PhreePhly
Anything that uses a hardware driver written more than about 4 years ago is most unlikely to have a (compatible or otherwise) 64bit driver.

Like: The old Cisco VPN (I use Cisco AnyConnect on "7" 64bit - see specs), I have the "7" Virtual PC software running as well where I run several things that would not work on "7" 64 bit...

Like: We have fax driver cards on several servers that work great in 32bit but are just never going to work in 64bit.

Like: The old Epson TWAIN scanner driver for the Perfection range. Never mind that there is software that will drive these scanners perfectly in Windows/7 64bit (VueScan)... Silly old Epson

You can also find 3rd party vendors promise support for a great deal. Just remember that third party software vendors always promise the world and frankly many of them are just selling futures.

That sounds like I am saying they are telling lies, which they are not "really" (oh alright, they are, but it's part of the S/W game), you just need to know what is shipping NOW and what they will ship NEXT (or the release after). Get a system set up to demo the complete solution - end to end - before signing on the line.

Good luck.

My System SpecsSystem Spec
15 Jul 2010   #45
PhreePhly

Windows 7 x64 (RTM via MSDN)
 
 

Quote   Quote: Originally Posted by bjrichus View Post
Quote   Quote: Originally Posted by PhreePhly View Post
Question, have you found programs that work in Win7 x32 but not Win7 x64? This is something we have encountered, more often than not. many apps seem to be written to use libraries that don't handle the CPU entering into Long Mode when using a 64-bit OS. This leads to confusion to install Win7 x32 or x64, and now we need to support multiple setups. My company is planning on making the move to Win 7 this year, and I suspect it will be all 32-bit, just to avoid these issues. We will have a few workstations go 64-bit so that we can expose more RAM for GIS, CADD and Modelling software.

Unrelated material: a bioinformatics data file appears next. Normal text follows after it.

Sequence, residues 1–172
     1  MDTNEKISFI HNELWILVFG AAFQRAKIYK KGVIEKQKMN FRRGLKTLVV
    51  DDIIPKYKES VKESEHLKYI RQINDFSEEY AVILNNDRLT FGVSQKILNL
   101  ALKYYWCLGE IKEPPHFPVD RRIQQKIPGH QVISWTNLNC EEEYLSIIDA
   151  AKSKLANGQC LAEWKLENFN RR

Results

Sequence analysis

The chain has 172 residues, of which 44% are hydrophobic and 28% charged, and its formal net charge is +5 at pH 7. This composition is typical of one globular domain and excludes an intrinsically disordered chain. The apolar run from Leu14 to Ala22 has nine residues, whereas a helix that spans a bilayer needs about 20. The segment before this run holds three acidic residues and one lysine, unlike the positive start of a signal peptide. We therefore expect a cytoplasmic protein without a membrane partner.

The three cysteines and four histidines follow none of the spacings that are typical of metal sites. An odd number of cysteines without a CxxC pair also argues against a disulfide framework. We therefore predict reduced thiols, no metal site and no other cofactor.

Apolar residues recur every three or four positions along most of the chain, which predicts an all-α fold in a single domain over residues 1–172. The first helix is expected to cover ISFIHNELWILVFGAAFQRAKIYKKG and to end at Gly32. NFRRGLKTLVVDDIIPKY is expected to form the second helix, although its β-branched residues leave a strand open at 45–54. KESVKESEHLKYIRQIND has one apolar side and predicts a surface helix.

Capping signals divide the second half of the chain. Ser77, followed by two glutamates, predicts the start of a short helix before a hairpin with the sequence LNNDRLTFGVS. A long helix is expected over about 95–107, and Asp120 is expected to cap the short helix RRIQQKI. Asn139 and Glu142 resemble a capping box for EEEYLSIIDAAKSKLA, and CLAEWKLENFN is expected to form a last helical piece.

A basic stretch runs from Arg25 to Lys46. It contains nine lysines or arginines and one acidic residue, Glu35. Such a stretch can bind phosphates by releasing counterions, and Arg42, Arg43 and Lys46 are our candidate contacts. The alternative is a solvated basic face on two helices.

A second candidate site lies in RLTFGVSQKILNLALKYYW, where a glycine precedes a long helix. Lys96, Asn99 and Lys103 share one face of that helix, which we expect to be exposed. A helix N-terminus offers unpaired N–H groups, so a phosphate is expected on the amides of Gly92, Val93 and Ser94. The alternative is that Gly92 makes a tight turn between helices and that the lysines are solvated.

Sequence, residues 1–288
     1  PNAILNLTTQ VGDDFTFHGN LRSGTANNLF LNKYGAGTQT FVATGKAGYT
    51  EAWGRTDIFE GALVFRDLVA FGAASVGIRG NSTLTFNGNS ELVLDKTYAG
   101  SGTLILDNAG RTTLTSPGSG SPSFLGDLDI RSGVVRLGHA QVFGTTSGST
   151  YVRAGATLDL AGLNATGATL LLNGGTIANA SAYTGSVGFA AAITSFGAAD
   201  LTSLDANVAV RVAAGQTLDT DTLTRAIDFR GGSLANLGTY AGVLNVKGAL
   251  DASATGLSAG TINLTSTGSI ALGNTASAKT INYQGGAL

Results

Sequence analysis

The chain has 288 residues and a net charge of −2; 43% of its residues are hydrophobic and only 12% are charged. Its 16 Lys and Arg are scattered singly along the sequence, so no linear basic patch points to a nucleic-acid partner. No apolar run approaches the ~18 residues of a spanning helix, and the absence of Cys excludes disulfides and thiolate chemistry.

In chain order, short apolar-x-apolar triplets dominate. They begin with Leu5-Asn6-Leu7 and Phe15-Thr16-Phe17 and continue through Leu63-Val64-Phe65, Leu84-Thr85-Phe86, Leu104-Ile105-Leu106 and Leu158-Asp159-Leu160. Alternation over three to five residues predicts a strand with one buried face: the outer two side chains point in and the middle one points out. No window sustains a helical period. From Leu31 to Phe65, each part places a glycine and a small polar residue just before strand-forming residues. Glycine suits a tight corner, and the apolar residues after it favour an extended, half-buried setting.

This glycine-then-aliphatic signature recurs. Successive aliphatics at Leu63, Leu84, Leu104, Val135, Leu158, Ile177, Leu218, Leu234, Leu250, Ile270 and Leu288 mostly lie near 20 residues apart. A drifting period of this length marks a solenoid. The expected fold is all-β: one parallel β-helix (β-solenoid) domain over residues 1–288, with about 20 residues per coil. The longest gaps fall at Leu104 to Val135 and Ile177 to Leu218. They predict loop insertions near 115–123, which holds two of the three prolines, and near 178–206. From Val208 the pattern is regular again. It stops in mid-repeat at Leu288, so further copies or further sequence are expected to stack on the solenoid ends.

PhreePhly
Anything that uses a hardware driver written more than about 4 years ago is most unlikely to have a (compatible or otherwise) 64bit driver.

Like: The old Cisco VPN (I use Cisco AnyConnect on "7" 64bit - see specs), I have the "7" Virtual PC software running as well where I run several things that would not work on "7" 64 bit...

Like: We have fax driver cards on several servers that work great in 32bit but are just never going to work in 64bit.

Like: The old Epson TWAIN scanner driver for the Perfection range. Never mind that there is software that will drive these scanners perfectly in Windows/7 64bit (VueScan)... Silly old Epson

You can also find 3rd party vendors promise support for a great deal. Just remember that third party software vendors always promise the world and frankly many of them are just selling futures.

That sounds like I am saying they are telling lies, which they are not "really" (oh alright, they are, but it's part of the S/W game), you just need to know what is shipping NOW and what they will ship NEXT (or the release after). Get a system set up to demo the complete solution - end to end - before signing on the line.

Good luck.

Yea, I understand the hardware issues, and that will always be there (we currently have a piece of equipment attached to a Win98 machine, as the vendor is long gone and a newer version of the control software was never written). One thing that Vista helped on was requiring that any driver vendor wishing for a MS certificate was required to submit both a 32 and a 64-bit version of the driver.

I was talking about stand-alone apps, as these are the most frustrating. Most of the 32/64 compatibility problems stem from poor programming practices. The one that really gets me is a piece of software that functions fine in every way, except you can't print from it (it's main function is to generate a pre-formatted document). The vendor used some printing widget that makes use of Win16 API calls. 32-bit windows can handle that, but 64-bit can't. They actually wrote the program in VB, but opted not to use the standard Win32 printing APIs.
My System SpecsSystem Spec
15 Jul 2010   #46
Win7User512

Windows 7 x64 / Same
 
 

Quote   Quote: Originally Posted by JonM33 View Post